A - Well, image-wise I think that may be true, especially in the early going, but of course he didn't write any of the music. So it's hard to designate him as the Rolling Stone. As I recall, image-wise, he was the most prominent one.

Q - And he named the group The Rolling Stones and really started the group.

A - Apparently he did, yeah. Initially they were called The Rollin' Stones, not The Rolling Stones. He was a little bit older than Mick and Keith, although he was younger than Bill and Charlie. Musically he was the most sophisticated.

Q - And the best dressed!

A - Yeah. Images-wise he was ahead of the game.

Q - How did you get started as a photographer? Is this something you studied in school?

A - Oh, no. I never studied photography. I was studying Modern Languages and Literature at Cambridge University. I was on an acid trip and picked up a friend's camera and started to play around with it. I found out a few days later that there hadn't been any film in the camera. I thought, the next time I take acid... I made my friend load the camera and then a couple of weeks later I actually did take a few pictures of this very pretty blonde lady that I was hangin' around with. Some local Rock band offered me a fiver, which is five pounds, which at today's exchange rate is a bit south of $8.00, then it was probably a few dollars more, to take a few pictures of them. I'm into thinking, well, this is interesting. You mean people actually get paid to do this? Then, I just knew some people and of course Syd Barrett was already a friend of mine. That was probably the key session in '69, the "Madcap" session. I left Cambridge and started to write little things as well. I actually did album covers for Rory Gallegher in the early '70s, believe it or not. I remember doing a couple of other things, Jazz musicians. I used to write articles to make a bit of extra money. I certainly didn't want to get a real job, not that you needed much money back in those days in London. You could live in the middle of a big city like London and obviously New York without much money. Then I met David (Bowie) in March of '72 I think. There were 400 people at the show. Somehow I was at the right place at the right time with the right instincts. Through him I met Lou Reed, Iggy Pop, Mott The Hoople and shot album covers for all of 'em. Not that I was making much money. I think I got a hundred pounds for the "Transformer" cover. Of course I've made a lot more money since off it because I own the copyright. I can sell one print and make tons more money than I got paid back in those days. Anyway, it just kept rollin'. It kind of got a life of its own. I wasn't sure if I was going to be a writer or a photographer really. I still do a bit of both, even for Rolling Stone. I do some pieces and some English music papers. Then the photography just started to swamp me and my reputation got built around the photography and then I didn't have time to write anymore. It just kept rollin' on. Who knew why? I just got caught up in the times and I was havin' fun. And I was enjoyin' the people I was hangin' out with. They became friends of mine.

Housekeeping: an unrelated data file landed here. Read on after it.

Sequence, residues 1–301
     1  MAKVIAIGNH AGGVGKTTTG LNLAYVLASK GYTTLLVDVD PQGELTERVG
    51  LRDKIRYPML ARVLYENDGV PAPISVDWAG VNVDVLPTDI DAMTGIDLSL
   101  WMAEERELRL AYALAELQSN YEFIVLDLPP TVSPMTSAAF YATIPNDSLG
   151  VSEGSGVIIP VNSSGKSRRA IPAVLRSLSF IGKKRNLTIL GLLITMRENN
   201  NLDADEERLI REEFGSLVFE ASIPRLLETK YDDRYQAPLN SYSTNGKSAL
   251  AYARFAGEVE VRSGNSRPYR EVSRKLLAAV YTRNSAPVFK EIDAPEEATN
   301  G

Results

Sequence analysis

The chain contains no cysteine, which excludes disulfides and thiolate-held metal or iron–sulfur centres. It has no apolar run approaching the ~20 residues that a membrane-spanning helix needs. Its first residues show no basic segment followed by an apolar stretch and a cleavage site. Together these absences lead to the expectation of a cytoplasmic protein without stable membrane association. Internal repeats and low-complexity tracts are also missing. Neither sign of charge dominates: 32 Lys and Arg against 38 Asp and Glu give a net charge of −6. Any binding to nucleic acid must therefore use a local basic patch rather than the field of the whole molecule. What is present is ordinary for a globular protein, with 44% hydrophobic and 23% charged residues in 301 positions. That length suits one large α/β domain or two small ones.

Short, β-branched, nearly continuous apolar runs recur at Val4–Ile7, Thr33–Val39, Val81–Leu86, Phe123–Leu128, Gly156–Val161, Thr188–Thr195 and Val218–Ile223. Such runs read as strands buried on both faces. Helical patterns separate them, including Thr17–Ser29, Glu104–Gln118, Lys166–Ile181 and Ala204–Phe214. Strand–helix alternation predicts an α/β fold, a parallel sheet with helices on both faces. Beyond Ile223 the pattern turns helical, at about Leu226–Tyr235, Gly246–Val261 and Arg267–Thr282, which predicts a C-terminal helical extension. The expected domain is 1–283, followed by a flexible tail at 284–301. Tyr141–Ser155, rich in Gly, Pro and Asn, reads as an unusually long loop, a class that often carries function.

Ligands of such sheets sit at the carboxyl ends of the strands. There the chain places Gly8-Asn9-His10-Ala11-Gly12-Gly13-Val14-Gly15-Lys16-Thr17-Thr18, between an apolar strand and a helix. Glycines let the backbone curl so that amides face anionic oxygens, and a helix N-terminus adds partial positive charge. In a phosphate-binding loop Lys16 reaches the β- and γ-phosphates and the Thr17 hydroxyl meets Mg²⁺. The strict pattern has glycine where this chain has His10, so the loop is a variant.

Q - Did that first group you photographed go on to do anything?

A - I can't even remember what they were called. No, they didn't. I just happened to hit a particular streak 'cause after Bowie, Lou, (Reed) and Iggy, came Queen and Roxy Music and a whole slew of other English acts who maybe had hits in England but didn't "break" America. I shot all kinds of stuff. I shot Bay City Rollers, ELO, John Mayall, the first line-up of Motorhead. The drummer didn't last long. It just kept goin' on and on. It was Rock Photography. How seriously could you take it? It was so disposable. Even an album cover. A lot of bands would make two albums a year back in those days. The record labels wanted to spend as little money as possible, so that's why all the photographers from that era, most of the freelancers, owned the copyright to all their pictures. I don't even remember the word copyright being used about a photograph back in those days. Intellectual Property would have seemed completely alien to me. How can a photograph be intellectual property? Well, it turns out they are. I know people have offered me an enormous amount of money for mine, my collection of photographs. I'm sure it's been true of friends of mine like Bob Gruen and Henry Dilitz.